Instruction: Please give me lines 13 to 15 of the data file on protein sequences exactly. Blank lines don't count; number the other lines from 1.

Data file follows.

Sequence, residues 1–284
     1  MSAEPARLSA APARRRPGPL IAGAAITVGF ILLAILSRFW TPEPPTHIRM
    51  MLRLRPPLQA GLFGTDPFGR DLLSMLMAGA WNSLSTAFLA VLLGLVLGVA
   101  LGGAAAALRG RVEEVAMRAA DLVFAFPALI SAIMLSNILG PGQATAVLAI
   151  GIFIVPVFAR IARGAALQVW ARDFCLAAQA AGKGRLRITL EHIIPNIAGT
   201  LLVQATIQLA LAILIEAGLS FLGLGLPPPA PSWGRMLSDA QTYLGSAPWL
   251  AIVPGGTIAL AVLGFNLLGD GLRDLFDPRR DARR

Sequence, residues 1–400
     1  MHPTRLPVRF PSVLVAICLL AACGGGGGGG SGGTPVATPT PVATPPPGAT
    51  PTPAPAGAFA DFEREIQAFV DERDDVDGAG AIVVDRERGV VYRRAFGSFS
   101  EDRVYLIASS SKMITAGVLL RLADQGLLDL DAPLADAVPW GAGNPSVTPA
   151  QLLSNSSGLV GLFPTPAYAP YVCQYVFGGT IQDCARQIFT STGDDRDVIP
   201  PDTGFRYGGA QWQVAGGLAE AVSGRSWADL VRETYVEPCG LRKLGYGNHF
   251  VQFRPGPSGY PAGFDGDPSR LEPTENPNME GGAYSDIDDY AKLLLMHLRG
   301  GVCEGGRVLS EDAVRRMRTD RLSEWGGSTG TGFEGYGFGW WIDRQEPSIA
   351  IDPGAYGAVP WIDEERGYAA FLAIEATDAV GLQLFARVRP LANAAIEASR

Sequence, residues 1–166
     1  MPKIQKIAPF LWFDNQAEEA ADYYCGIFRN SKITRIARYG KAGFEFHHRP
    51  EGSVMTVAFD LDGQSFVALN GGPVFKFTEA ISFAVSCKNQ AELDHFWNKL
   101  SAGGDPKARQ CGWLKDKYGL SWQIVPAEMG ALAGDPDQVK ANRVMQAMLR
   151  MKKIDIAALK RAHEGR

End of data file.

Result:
   201  PDTGFRYGGA QWQVAGGLAE AVSGRSWADL VRETYVEPCG LRKLGYGNHF
   251  VQFRPGPSGY PAGFDGDPSR LEPTENPNME GGAYSDIDDY AKLLLMHLRG
   301  GVCEGGRVLS EDAVRRMRTD RLSEWGGSTG TGFEGYGFGW WIDRQEPSIA